That trip to Sudan, in so many ways, mirrored the life and the mission of Kim Pace. It was there that Kim met and ministered to members of the Jur Modo tribe, who number approximately 50,000 people today.

“She flew into the war zone to teach about Jesus,” Jim said, explaining that Kim accompanied another woman who needed assistance in reaching a tribe that had never heard about Jesus. “She taught the tribal women about Jesus. And they believed.”

Jim noted that Kim also provided advice on alternative methods for growing crops that would enhance the group’s food supply.

But going into the war zone was not without risks.

“She didn’t know if she’d make it out. She told us that she loved us,” Jim said, with the look of a parent’s concern in his eyes and in his voice. “This is a tough girl.”

Once back in Kenya, Kim told Mary and Jim about a young Jur Modo boy she met in Sudan. She told her parents about the boy, who would see her and run and jump into her arms. On one occasion when he saw her, he was covered in mud.

“I was immediately covered in mud. But I didn’t see the mud. I just saw the joy in his eyes. That’s the way Jesus sees us. He doesn’t see the mud. He sees the joy,” Kim told her parents.

“I couldn’t get that out of my mind,” Jim said, his voice cracking. “A little boy in south Sudan, touched by the love of Jesus.”

Kim founded Brackenhurst Ministries in Kenya in 2004 and BlueSky Global Ministries in 2007. The number of lives touched by the words of Jesus through these ministries would be difficult to calculate, though they easily run into many thousands.

Headquartered in Nairobi, Blue Sky exists to grow the global church by inviting the multinational community into a relationship and connecting people to Jesus Christ. The organization’s ministries include Camp Blue Sky designed to make disciples through relational ministry with students, Climb Blue Sky which operates the only climbing gym in east Africa, and Blue Sky Team Building that works with local groups and organizations by teaching concepts such as service, honesty and trust.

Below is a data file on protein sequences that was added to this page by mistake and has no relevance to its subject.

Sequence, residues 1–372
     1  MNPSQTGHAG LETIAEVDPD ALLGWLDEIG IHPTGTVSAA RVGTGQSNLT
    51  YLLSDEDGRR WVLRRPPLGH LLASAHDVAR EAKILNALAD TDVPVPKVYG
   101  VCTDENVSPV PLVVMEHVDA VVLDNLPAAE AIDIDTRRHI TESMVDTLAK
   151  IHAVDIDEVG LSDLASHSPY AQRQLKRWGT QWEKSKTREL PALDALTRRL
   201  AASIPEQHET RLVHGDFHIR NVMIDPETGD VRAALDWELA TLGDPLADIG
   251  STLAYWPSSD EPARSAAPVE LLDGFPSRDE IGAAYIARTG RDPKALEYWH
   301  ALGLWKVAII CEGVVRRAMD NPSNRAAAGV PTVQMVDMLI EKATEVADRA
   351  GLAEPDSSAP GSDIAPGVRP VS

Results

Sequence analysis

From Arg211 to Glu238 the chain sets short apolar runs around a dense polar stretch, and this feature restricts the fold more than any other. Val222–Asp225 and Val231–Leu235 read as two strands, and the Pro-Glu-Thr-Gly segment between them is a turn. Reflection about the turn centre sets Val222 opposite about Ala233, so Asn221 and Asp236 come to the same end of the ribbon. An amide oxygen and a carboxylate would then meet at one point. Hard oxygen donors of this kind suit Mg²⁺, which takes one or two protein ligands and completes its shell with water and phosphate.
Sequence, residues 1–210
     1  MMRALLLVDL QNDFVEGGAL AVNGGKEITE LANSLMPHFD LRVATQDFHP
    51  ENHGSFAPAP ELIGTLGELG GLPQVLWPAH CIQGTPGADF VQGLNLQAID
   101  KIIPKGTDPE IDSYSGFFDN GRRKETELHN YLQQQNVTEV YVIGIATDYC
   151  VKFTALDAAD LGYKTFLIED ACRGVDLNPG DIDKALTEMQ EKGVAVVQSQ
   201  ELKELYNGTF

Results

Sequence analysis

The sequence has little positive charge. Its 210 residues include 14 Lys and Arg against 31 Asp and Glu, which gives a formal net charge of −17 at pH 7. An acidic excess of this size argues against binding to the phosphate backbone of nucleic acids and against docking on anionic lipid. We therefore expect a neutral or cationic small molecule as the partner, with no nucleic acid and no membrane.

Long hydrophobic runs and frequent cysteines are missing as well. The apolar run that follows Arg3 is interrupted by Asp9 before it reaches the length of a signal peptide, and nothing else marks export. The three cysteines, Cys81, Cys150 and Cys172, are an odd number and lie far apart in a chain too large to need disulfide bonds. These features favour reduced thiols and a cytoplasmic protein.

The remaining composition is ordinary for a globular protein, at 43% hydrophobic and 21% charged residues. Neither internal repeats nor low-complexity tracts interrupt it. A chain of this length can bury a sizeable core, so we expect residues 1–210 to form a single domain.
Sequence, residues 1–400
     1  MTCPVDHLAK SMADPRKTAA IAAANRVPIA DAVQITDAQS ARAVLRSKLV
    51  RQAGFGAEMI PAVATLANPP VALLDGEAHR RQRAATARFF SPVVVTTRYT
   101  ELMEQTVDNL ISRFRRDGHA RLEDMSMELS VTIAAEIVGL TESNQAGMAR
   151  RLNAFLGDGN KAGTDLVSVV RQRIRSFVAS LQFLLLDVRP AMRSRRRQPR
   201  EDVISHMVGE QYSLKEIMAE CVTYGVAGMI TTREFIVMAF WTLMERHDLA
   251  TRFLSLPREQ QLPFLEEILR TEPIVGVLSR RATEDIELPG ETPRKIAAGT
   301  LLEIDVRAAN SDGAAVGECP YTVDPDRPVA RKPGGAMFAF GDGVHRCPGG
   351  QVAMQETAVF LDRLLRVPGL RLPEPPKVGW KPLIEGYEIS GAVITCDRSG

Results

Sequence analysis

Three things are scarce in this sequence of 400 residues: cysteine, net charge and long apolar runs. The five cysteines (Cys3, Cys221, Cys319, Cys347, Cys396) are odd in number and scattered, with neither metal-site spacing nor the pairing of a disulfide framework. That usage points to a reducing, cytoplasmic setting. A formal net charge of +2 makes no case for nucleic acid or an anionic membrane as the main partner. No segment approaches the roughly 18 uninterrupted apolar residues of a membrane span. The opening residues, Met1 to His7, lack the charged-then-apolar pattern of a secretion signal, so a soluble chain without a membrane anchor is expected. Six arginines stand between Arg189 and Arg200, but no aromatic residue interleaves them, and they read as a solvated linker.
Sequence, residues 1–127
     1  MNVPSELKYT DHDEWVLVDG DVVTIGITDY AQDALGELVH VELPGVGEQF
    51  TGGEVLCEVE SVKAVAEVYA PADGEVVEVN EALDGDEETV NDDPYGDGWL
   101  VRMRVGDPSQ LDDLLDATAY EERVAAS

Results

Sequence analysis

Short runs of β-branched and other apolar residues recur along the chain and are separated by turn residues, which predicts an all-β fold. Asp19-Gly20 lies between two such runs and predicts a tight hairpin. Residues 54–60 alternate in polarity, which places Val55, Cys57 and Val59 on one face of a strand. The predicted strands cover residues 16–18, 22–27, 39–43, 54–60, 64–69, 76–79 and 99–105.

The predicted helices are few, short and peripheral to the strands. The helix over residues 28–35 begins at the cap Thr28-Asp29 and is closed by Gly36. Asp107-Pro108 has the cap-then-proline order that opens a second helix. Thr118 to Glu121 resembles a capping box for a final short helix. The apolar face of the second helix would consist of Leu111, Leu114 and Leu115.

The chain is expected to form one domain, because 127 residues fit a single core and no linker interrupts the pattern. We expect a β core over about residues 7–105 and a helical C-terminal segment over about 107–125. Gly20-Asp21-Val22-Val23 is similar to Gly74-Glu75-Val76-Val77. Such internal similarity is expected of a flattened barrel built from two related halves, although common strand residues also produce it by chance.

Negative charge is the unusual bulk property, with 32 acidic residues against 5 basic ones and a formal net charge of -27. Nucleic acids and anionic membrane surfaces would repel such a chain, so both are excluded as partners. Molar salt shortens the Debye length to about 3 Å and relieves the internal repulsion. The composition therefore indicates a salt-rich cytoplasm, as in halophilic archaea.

It was in 2007 that Kim told Fayette Woman, “I’ve experienced at a deeper level what it means to trust the Lord. I can see that there’s more to life now; my entire worldview has changed.”

Reflecting on her daughter’s impact, Mary said Kim was always a person who could gather people around her.

“She was persuasive in such a good way,” said Mary.

Mary spoke of a time when she accompanied Kim in the Kenyan bush to witness for Christ. Mary wondered about the trek, but soon came to a different realization, born in what Kim saw in her and the things Kim knew about people.

“She saw in me what I didn’t see in myself,” Mary explained. “She challenged you to be you when we come into agreement with Him. It’s really about letting go and trusting God. We all try to stay in control. Kim surrendered that control.”

Though she has passed, Kim’s work will continue. Mary and Jim Pace said that, “A foundation will be set up in Kim’s memory, to continue the adventure of experiencing God’s love. It will continue the work Jesus started through people like Kim.”

The family traveled to Kenya where a memorial service for Kim will be held on Saturday.

A memorial service will also be held at 2 p.m. on Feb. 3 at Southside Church, located at 777 Robinson Road in Peachtree City. Kim years ago wrote the founding documents for Southside Church.

In lieu of flowers, the family asks that donations be made to the Pace Family Foundation, care of Atlanta Community Foundation at 191 Peachtree Street NE, Suite 1000, Atlanta, GA 30303, to support BlueSky Global Ministries and to continue the good work that was started.

A perspective on life not often recognized, yet so obviously true, comes in the form of a well-known statement: A life is not measured by the number of breaths we take, but by those moments that take our breath away. For Kim Pace, and in the hearts and minds of her family, it was Africa and her love for God that so clearly took her breath away.

The legacy we live, is the legacy we leave. For those whose lives she touched, the legacy of Kim Pace is full of life. It’s as if she’s still here.